For most of my life, I’ve felt like a victim. I grew up in poverty, my home life was dysfunctional, and I was enrolled in several social programs. I never cared or paid attention to politics because I felt like it couldn’t help me or make a difference.
In 2008, I was 24 years old and admittedly inspired by then-candidate Barack Obama. I knew nothing about actual policy, but I knew he spoke to my feelings and gave me hope. I based my vote for Obama largely on the stereotype that Democrats were for the poor and that Republicans were for the rich.
It wasn’t until after Obama became president that I really began to contemplate policy. I wanted to be fair, so I tried to see both sides of an issue. Around this time, Paul Ryan proposed his “Path to Prosperity” budget blueprint and was at the front and center of news coverage. I began to listen to Paul’s speeches and found myself agreeing with him.
I listened to Paul preach about personal responsibility, hard work, and the American Dream. The notion that you are not bound by the circumstances of your birth was far different than hearing that there was an entire system built on holding people like me down. Paul’s words gave me hope, but not hope that I would be rescued by some government entity. Instead, Paul’s words gave me the hope that I could make it in the world on my own.
I slowly realized that the life I was living was exactly the type that Paul was preaching about. With a family to take care of, I was working a full-time job and going to school at night to better my career opportunities. I was working harder than ever, and I was seeing results: getting inducted into honor societies, making the Dean’s List, and getting raises at my job. Hard work, combined with the initiative to do better, had shown me that there was no system holding me back— it was only myself. I was not a victim, and I finally stopped thinking like one.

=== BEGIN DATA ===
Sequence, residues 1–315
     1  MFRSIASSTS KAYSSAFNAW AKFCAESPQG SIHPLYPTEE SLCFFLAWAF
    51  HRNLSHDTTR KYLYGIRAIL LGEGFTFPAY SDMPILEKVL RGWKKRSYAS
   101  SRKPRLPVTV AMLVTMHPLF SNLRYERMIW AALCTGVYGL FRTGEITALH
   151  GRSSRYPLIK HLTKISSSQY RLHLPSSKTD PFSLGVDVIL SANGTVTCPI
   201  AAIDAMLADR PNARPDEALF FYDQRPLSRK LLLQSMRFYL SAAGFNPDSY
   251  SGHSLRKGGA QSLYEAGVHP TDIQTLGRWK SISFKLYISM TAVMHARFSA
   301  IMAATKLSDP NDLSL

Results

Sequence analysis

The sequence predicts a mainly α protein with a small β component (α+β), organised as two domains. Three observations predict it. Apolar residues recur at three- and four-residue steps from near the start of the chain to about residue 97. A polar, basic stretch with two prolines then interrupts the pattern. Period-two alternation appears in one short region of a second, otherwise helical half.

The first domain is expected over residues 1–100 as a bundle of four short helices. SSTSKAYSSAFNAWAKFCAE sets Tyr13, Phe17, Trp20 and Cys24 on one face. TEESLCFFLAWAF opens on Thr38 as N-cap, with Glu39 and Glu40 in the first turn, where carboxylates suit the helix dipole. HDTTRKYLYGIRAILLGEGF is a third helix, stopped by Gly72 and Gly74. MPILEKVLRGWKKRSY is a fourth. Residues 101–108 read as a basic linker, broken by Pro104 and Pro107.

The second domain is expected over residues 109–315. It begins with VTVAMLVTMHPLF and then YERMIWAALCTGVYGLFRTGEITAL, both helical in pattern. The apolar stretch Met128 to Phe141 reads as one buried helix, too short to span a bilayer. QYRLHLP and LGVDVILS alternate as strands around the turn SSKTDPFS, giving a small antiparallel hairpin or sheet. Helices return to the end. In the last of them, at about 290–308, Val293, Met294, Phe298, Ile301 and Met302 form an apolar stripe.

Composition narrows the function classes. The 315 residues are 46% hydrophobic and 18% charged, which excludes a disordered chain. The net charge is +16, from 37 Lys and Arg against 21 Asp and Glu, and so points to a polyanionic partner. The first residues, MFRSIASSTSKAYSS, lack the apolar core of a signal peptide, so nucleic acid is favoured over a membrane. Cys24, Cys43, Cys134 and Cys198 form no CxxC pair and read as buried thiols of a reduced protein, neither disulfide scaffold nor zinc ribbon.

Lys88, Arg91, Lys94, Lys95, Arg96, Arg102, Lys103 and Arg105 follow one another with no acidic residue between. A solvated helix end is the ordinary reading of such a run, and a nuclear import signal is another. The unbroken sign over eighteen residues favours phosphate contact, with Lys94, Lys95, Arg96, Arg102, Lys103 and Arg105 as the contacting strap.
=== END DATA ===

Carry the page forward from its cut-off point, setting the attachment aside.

Through these experiences, I realized that conservative ideas work. Not everything was perfect— I had my own trials and tribulations along the way, including the loss of my father, but the primary feeling that was constant was a belief that the hard times were only temporary. The true path to prosperity would be dependent on me not allowing those rough moments to bar me from my ultimate goals.
Paul showed me the worldview that I hadn’t looked for, but so desperately needed to see. This worldview has since guided me to change majors in undergrad, helped me get involved in politics on the local level, helped me get appointed to the city finance board where I live, led me to run for office, and led me to law school. Attending law school was unimaginable in the poverty I came from, but it’s a reality now.
I didn’t think any of this was possible. I grew up a poor kid on the bad side of town with more family dysfunction than I can talk about, and it felt like that’s where I’d always be. I now know that it doesn’t have to be that way. If you work hard, play by the rules, and make sacrifices, then you can be successful.
I don’t know if Paul will ever read these words, or if he’ll ever know the effect he’s had on someone he has never met, but one thing is for certain: the impact his words and ideas have had on me has been profound and life-changing. For that alone, I say: thank you, Paul.
The views expressed in this article are the opinion of the author and do not necessarily reflect those of Lone Conservative staff.